I ended up leaving this one for 3 weeks because life got in the way even though I had reached a FG of 1.007 in 13 days. Attenuation was really good and given the temperatures in my basement most of the fermenting was done at around 64° so curious to see how that plays out in terms of what esthers come through here. Bottling was uneventful other than that I’m trying the larger single carbonation tablets with this one mostly out of laziness and wanting to bottle this one straight from the fermenter. I got a great yield, 48 bottles, this time around. I also have decided leaving bottles to soak with PBW for a day while I go to work is the way to go, the labels slid right off and I ran them all through a sani cycle in the dishwasher and was ready to bottle it all up.


This beer pours with a strong white head that dissipates quickly. It has a straw colored haze that you would expect from a good hefeweizen. The aroma honestly leaves a lot to be desired, there’s a bit of funk there that made me think this wasn’t going to taste that great. I imagine controlling temperature to get more banana esters would help with that. Clove is definitely coming through but the aroma overpowers with, I don’t know, some kind of funk.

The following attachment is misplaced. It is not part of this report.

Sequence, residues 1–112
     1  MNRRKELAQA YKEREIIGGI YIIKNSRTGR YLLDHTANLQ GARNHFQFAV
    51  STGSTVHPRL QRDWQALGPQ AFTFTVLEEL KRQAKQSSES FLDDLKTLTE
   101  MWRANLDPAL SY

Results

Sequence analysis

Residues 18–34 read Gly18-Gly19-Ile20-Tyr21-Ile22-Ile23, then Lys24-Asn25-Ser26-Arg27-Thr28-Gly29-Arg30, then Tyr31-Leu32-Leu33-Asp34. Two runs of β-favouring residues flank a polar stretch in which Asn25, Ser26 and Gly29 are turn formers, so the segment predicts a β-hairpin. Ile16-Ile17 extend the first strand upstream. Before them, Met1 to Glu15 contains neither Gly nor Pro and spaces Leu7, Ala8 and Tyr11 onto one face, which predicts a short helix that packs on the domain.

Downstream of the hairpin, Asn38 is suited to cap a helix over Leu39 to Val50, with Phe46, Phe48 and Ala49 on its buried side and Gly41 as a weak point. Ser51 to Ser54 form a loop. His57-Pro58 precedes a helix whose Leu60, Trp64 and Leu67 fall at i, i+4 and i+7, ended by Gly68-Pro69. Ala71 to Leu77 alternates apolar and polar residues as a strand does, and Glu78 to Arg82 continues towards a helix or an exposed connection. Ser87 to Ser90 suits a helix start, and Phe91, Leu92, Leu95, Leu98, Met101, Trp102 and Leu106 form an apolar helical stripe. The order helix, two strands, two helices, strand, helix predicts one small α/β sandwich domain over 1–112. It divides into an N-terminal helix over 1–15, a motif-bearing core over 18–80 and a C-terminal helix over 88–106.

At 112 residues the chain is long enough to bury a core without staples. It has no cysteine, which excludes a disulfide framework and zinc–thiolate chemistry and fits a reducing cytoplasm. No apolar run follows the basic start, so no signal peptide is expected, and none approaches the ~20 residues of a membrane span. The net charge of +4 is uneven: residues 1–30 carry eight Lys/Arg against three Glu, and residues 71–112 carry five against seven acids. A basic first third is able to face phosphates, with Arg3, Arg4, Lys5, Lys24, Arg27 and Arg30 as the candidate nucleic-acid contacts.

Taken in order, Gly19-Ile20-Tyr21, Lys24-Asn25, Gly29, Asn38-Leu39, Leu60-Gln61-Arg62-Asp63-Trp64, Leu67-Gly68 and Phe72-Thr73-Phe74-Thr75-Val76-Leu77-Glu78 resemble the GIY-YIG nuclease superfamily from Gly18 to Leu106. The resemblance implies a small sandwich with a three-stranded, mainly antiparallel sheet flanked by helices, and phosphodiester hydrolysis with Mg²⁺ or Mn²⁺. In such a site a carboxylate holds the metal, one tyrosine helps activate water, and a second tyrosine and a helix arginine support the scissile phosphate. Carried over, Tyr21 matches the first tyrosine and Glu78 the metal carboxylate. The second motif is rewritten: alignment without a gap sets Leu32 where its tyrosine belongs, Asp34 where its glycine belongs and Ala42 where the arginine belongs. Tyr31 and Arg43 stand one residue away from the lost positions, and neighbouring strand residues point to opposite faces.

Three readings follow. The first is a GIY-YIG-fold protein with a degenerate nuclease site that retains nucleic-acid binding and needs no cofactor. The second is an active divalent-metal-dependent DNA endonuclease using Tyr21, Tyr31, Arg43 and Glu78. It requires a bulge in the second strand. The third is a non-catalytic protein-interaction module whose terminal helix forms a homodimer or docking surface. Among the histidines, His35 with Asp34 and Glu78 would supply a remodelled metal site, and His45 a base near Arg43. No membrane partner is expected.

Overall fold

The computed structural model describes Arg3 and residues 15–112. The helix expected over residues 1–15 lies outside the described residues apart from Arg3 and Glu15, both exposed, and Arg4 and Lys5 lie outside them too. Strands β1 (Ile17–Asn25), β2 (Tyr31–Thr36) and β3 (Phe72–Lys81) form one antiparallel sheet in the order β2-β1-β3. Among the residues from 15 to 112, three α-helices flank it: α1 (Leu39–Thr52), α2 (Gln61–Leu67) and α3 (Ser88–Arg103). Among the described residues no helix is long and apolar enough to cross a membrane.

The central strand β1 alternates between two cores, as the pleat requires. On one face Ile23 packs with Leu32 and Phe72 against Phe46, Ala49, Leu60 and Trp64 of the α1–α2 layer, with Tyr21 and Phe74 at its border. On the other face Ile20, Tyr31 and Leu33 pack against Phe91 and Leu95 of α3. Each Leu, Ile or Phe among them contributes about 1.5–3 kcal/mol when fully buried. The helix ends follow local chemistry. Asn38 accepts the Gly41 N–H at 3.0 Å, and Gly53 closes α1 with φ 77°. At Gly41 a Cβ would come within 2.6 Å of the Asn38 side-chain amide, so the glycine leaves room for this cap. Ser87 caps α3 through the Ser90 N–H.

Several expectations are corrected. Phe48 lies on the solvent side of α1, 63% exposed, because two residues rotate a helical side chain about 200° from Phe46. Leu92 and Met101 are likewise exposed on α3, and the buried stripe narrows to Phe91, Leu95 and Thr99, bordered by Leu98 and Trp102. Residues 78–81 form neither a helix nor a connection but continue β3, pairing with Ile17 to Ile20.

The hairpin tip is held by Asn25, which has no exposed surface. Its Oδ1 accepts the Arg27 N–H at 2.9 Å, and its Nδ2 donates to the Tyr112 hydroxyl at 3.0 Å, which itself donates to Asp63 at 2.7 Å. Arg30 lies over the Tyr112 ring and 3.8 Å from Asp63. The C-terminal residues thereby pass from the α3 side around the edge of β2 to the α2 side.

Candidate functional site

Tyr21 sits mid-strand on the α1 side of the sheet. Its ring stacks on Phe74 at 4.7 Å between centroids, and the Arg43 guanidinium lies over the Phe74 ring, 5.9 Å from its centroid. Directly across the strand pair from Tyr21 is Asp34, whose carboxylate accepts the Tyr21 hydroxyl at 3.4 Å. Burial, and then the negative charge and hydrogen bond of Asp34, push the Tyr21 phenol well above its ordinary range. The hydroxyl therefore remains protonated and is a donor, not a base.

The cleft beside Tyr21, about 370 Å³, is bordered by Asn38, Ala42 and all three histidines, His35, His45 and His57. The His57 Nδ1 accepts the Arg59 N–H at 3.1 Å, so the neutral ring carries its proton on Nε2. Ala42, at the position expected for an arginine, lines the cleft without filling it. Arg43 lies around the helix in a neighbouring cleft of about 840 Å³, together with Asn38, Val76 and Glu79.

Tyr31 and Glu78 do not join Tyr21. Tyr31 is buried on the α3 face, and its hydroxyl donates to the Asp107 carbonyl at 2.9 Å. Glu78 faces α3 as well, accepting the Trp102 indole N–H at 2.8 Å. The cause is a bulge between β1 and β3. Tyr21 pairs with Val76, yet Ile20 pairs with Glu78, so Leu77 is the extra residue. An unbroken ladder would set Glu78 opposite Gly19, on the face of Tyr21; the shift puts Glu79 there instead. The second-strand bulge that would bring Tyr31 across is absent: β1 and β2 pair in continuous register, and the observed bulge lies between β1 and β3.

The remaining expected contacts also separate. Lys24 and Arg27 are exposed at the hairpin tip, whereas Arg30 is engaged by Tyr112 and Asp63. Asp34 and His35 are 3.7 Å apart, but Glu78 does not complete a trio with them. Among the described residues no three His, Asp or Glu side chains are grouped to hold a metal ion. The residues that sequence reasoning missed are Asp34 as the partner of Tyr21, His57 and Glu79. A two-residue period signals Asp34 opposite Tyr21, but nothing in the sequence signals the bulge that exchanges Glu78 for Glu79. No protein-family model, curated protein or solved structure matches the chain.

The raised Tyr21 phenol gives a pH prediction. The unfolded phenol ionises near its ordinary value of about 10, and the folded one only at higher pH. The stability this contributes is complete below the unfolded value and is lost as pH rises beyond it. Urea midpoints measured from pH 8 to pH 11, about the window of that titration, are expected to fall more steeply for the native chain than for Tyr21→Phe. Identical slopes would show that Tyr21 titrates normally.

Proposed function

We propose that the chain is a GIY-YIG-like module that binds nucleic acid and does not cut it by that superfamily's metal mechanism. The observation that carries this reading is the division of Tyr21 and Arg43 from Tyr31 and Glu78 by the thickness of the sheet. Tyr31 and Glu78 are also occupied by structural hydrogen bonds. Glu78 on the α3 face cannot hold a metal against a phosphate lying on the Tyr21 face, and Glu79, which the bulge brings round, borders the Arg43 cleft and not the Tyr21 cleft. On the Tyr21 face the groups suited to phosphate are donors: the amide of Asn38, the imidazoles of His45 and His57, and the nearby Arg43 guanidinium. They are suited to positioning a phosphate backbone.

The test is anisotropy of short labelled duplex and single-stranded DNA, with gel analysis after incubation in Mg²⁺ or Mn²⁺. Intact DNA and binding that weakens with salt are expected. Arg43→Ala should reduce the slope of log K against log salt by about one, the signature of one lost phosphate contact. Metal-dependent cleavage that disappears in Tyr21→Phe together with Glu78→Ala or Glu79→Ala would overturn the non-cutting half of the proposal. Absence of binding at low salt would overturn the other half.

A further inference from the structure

Despite the aroma, the taste of this beer is really great. Carbonation is high (with the drops I used you can’t really control the amount of carbonation and it was my first time using the larger single tablets so I’m glad to know they are on the higher level given it wouldn’t be great in a stout or porter). The funkiness of the aroma completely disappears when tasting and it’s a very clean clove-forward wheat beer. I think this makes for a great summer all-around beer and for my first hef it’s frankly not terrible. As always I’m interested to see what it does after another month or two in the bottle.